IN the past 25 years, the United States has made notable progress in countering the destructive effects of racism. For example, growing numbers of minorities, particularly blacks, have entered ever higher echelons of business and government.
Yet the political remedies necessary to blunt racism's impact on society may be hitting their limits. Affirmative-action programs are being successfully challenged in reverse-discrimination lawsuits, while residents of some minority neighborhoods are asking for good schools where they live, not at the end of a bus ride.
The need to meet racism at a more fundamental level is growing, and not only for the United States. In a controversial article in Foreign Affairs magazine last summer, Harvard University's Samuel P. Huntington laid out a global future where clashes between civilizations replace those between cold-war ideologies. It comes as little surprise that race is one of the characteristics that separates - although by no means neatly - the civilizations he cites.
Last April, a New York Times/CBS News survey indicated the road traveled and the distance remaining. When asked if race relations in the US had improved in the past 25 years, a majority of blacks and whites said yes. But when asked if race relations were generally good or bad, a majority of both groups said generally bad.
In his book ``Race Matters,'' Cornel West, director of Afro-American Studies at Princeton University, notes the current weaknesses in dealing with race: ``For liberals, black people are to be `included' and `integrated' into `our' society and culture, while for conservatives they are to be `well-behaved' and `worthy of acceptance' by `our' way of life. Both fail to see that the presence and predicaments of black people are neither additions to nor defections from American life, but rather constitutive elements of that life.''
``To establish a new framework,'' he writes, ``we need to begin with a frank acknowledgment of the basic humanness and Americanness of each of us.'' Identifying what unites us is invaluable. But the point of identification must be taken one step further: to recognize the spiritual nature and heritage that each of us has as a child of God. As long as the basis for dealing with racism is left to biological, genetic, or national identity, it will remain superficial and vulnerable to manipulation and conflict.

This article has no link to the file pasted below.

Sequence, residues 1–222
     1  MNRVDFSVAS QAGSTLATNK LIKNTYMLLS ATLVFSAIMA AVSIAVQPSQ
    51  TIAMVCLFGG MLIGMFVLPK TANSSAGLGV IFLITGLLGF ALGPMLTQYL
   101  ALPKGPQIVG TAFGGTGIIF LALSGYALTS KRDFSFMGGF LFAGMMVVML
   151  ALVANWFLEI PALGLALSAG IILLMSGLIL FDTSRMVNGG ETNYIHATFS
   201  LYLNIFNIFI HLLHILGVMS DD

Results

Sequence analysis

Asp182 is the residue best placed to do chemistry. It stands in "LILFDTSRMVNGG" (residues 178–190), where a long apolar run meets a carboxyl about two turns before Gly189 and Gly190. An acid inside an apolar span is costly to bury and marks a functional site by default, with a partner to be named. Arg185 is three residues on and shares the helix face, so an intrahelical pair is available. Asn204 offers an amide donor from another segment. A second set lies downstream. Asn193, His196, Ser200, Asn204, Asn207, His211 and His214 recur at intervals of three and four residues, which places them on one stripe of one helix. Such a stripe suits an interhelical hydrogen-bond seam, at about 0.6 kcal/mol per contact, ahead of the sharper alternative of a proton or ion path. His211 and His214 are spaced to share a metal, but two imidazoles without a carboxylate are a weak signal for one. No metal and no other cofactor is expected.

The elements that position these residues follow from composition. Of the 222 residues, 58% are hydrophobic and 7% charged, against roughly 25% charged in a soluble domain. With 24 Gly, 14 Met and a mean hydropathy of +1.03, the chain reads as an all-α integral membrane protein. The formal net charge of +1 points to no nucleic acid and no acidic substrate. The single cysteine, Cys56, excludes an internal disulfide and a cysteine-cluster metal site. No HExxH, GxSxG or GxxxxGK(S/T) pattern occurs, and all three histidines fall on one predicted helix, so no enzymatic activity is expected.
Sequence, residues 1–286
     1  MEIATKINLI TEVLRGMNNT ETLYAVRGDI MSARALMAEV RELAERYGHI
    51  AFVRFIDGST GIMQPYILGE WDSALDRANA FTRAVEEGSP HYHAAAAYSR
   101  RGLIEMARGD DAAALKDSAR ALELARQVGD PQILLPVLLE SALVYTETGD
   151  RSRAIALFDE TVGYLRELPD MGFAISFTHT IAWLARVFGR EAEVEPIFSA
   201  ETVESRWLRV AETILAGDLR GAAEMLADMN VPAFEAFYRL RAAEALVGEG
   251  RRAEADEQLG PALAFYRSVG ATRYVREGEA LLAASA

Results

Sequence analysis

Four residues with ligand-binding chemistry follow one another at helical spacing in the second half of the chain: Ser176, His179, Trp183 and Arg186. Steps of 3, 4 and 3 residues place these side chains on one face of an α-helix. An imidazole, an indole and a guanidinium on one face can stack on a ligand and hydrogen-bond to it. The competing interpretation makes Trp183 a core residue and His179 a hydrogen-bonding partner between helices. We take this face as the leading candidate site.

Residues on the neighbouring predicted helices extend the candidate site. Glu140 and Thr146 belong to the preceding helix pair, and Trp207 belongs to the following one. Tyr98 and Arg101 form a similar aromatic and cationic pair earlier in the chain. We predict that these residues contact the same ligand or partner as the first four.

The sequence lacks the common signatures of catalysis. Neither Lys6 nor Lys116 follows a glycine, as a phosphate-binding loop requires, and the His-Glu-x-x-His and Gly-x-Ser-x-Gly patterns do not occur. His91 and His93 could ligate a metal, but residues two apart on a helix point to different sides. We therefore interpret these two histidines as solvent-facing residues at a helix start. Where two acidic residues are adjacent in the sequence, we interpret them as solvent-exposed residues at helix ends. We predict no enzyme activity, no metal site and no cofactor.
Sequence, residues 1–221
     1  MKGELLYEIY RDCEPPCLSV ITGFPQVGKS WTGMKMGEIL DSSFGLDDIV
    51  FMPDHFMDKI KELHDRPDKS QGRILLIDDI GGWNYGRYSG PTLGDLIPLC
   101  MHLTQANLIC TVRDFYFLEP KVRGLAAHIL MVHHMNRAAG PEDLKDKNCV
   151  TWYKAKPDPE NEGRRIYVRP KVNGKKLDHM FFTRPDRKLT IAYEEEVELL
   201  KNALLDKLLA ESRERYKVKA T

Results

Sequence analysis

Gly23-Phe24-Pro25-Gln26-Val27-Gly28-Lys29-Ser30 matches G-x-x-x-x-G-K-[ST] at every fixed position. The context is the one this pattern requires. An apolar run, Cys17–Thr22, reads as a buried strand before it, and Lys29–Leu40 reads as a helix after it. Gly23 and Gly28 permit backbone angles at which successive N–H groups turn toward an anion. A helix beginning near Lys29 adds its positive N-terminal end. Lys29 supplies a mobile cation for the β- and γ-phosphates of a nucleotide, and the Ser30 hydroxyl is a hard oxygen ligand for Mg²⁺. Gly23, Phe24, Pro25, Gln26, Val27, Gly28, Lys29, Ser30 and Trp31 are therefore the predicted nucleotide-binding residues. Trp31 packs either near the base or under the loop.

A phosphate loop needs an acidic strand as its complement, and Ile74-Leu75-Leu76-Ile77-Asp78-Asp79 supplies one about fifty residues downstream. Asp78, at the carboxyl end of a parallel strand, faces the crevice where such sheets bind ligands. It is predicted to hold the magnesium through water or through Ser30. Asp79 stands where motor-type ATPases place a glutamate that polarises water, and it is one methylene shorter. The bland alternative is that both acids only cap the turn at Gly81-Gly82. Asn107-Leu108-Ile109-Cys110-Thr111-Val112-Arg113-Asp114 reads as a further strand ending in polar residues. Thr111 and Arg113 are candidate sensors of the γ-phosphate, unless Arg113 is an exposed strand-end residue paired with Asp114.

The roots of racism - a disease of society - are found in fear, ignorance, and sin, which the founder of this newspaper, Mary Baker Eddy, identified as the roots of physical disease. This analysis has an obvious extension to societal ills as well. The fear: of competition for economic resources; of retribution as the ``outsiders'' gain political strength; and of the dilution or loss of one's own culture and identity as others gain footholds in society. The ignorance: a failure to engage other cultures constructively in ways that allow for discussions of racism with sensitivity and openness. The sin: failing to abide by the care and common sense of the Golden Rule and the dictum to love one's neighbor as oneself.
Each of these remains a roadblock unless efforts to fight racism are anchored in a sense of identity deeper and firmer than even ``humanness and Americanness.'' Otherwise, racism can continue to undermine the sense of self-worth among so-called majorities and minorities, to say nothing of the country's prospects as a multiracial society.
Individual efforts to bridge the gaps between races are indispensable, although too often they are sporadic or crisis-driven. Some crises are small scale: a black church firebombed in Smithfield, Miss., or a black child shot and wounded by an off-duty white police officer in Toledo, Ohio. Others are large scale: the riots in Los Angeles.
Yet the vessel for progress remains the individual.
The most effective vehicles: our houses of worship. Many of them were at the forefront of the abolition and civil rights movements, which they saw as essential to the nation's moral and spiritual health. School and community groups continue to help bring groups together. But neither they nor the state is positioned politically or socially to deal with the spiritual fundamentals involved: helping individuals establish their own unassailable spiritual value and recognize that of others.
Political mechanisms for redressing the destructive effects of discrimination are still needed. But the greater need is for a spiritual renewal that cuts racism off at its roots.
The last of a series. Previous installments included:
* Nov. 24: Overview
* Dec. 1: The environment
* Dec. 8: Religion in public affairs
* Dec. 15: Government corruption
* Dec. 22: Rights versus responsibilities
* Dec. 29: Genetic engineering
* Jan. 5: Visual pollution
* Jan 12: Violence and society
* Jan 19: Gambling
* Jan 26: Nuclear proliferation
* Feb. 2: The family